Chapter 10: Conclusion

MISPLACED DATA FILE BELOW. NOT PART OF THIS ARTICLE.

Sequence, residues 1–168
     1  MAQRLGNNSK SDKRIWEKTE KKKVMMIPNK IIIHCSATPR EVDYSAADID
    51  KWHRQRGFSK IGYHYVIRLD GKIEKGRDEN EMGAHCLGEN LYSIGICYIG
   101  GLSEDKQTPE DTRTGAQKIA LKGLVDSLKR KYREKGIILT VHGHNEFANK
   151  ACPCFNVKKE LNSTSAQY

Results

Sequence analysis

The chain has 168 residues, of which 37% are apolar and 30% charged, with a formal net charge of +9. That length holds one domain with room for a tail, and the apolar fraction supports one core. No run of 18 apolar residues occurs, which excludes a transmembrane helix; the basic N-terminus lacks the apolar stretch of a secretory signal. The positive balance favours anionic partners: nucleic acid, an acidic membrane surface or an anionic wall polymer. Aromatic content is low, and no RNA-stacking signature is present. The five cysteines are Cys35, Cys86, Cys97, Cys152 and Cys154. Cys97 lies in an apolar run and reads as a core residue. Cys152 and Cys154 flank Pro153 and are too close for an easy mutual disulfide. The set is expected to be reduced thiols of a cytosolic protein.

Export-led growth strategies have significantly contributed to East Asia’s dynamism since the 1960s. Japan despite being a latecomer to industrialization, became the “mother goose” of the flocks and was followed by the “four Little Tigers:” Hong Kong, Korea, Singapore, and Taiwan. Having been following Japan’s export-led development trajectory for decades, these four countries became the “newly industrialized countries” (NICs). Spectacular economic growth and trade expansion in Japan and the four NICs enabled them to weather the two energy crises in the 1970s, and they continued their trade and economic growth until the early 1990s. The four South East Asian countries (Association of Southeast Asian Nations – ASEAN-4) – namely Indonesia, Malaysia, the Philippines, and Thailand – shifted from import-substitution to export-promotion policies, or at least adopted a dual track of export-promotion and import-substitution, after the first energy crisis in 1973. The ASEAN-4 was conceptually considered as the second tier of the “flying geese,” having joined the flock by adopting an outward-looking trade policy after the early 1970s. After three decades of central command and “inward-looking” socialist economic policies, China initiated its economic reform and openness in 1978–1979. It went through a series of economic reforms and shifted its trade regime by replicating the export-promotion policy undertaken by the NICs. Given its huge population size and relatively abundant endowment of natural resources compared to the four NICs, China was able to penetrate the world market with significant impact on the world economy. After three decades of economic reform and successful export growth, China...
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